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To celebrate Vikings Live, we have replaced our Roman alphabet with the runic alphabet used by the Vikings, the Scandinavian ‘Younger Futhark’. The ‘Younger Futhark’ has only 16 letters, so we have used some of the runic letters more than once or combined two runes for one Roman letter.

For an excellent introduction to runes, we recommend Martin Findell’s book published by British Museum Press.

More information about how we have ‘runified’ this site


wood-engraving (Scope note)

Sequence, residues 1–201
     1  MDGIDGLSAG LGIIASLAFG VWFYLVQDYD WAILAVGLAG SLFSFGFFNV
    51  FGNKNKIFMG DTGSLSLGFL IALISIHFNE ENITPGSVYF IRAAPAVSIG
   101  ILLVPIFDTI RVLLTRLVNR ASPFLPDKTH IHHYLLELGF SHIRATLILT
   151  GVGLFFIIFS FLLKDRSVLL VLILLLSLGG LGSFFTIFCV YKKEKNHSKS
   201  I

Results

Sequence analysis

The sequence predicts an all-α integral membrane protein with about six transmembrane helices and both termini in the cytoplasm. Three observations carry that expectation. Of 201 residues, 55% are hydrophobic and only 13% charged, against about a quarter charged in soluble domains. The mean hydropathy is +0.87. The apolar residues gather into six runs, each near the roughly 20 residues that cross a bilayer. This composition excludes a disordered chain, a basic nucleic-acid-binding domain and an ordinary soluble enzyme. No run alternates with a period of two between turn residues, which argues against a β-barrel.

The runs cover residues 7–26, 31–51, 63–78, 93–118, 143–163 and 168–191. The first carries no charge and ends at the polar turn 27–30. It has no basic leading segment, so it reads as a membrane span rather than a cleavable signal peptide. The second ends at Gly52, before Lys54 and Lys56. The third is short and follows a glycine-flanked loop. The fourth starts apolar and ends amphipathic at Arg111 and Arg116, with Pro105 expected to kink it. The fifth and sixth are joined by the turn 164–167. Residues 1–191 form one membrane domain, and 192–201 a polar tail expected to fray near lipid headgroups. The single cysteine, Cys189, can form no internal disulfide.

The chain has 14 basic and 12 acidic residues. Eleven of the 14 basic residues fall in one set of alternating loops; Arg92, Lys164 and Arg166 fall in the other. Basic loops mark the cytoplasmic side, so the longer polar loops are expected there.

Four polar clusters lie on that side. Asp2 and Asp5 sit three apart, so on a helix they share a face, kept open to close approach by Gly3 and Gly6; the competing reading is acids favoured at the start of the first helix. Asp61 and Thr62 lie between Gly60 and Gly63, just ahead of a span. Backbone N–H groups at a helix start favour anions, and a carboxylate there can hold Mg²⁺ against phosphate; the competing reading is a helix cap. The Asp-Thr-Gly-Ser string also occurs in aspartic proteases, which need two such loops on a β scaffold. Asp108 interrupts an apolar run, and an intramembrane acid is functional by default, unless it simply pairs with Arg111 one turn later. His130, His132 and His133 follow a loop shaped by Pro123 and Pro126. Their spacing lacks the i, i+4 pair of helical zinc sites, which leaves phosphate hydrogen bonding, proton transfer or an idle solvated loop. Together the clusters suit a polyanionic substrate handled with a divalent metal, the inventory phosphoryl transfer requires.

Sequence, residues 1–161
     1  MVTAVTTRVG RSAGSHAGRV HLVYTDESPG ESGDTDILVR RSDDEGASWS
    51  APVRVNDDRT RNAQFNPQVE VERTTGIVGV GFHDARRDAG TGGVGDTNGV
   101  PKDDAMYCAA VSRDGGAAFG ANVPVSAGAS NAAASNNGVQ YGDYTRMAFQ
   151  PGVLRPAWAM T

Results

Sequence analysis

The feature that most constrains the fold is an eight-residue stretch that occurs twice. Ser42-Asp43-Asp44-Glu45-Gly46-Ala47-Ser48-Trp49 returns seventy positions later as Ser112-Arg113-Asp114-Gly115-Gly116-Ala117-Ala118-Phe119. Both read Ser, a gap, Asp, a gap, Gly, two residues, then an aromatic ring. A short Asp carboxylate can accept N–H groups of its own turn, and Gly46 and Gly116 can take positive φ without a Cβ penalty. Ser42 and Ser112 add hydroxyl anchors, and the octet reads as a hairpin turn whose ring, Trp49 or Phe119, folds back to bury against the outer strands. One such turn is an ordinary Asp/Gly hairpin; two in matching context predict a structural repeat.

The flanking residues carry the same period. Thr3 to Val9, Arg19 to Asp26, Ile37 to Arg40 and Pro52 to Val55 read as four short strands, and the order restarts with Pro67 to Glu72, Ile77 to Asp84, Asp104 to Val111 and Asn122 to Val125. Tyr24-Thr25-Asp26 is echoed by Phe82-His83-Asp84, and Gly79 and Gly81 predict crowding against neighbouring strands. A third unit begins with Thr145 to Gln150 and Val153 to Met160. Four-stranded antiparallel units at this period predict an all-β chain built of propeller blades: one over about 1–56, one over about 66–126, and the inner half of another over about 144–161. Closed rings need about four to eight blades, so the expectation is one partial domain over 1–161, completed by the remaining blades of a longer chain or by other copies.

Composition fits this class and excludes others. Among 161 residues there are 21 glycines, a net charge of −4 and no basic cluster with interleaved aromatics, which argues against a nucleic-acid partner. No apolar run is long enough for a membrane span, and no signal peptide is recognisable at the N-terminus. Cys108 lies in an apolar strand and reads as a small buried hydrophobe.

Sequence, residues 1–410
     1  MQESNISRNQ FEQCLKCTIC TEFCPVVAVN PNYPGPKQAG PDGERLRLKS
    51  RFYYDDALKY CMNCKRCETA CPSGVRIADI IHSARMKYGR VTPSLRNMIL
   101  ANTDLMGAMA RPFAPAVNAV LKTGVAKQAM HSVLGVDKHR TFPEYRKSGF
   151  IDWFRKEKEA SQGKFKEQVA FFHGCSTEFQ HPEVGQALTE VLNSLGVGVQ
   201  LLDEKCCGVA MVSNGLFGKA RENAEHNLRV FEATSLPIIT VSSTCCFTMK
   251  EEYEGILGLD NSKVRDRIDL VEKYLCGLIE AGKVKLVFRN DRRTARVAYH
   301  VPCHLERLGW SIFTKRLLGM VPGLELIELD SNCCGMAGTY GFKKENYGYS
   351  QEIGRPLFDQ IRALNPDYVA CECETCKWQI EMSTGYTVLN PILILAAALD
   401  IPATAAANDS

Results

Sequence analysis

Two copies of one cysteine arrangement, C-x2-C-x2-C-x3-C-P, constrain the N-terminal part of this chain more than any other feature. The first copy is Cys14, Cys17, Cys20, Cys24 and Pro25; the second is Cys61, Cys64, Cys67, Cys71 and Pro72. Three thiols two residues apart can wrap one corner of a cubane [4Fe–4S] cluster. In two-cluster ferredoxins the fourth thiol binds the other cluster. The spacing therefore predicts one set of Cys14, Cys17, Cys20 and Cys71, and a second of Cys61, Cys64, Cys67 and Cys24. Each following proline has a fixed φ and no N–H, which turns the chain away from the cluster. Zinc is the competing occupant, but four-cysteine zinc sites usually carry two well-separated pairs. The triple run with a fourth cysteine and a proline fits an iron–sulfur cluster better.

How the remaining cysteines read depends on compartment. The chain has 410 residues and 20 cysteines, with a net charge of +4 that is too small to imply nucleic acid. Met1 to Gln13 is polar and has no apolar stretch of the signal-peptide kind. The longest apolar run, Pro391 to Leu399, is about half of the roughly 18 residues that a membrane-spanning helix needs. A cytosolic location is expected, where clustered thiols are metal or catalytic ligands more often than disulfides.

This term is a variety of relief printmaking using a wooden block, into which lines have been cut using a burin or other fine-pointed tool. The distinction between wood-engraving and woodcut is between hard end-grain wood (usually boxwood) cut across the grain with engraving tools (wood-engraving), and soft-grain wood cut along the grain with a knife and gouge (woodcut). With Japanese prints, the term 'woodblock' is traditionally used in preference to ''woodcut'. The type of wood used for woodcut/woodblock is always a soft wood: in Japan it is usually cherry, in the West pear, lime wood or similar.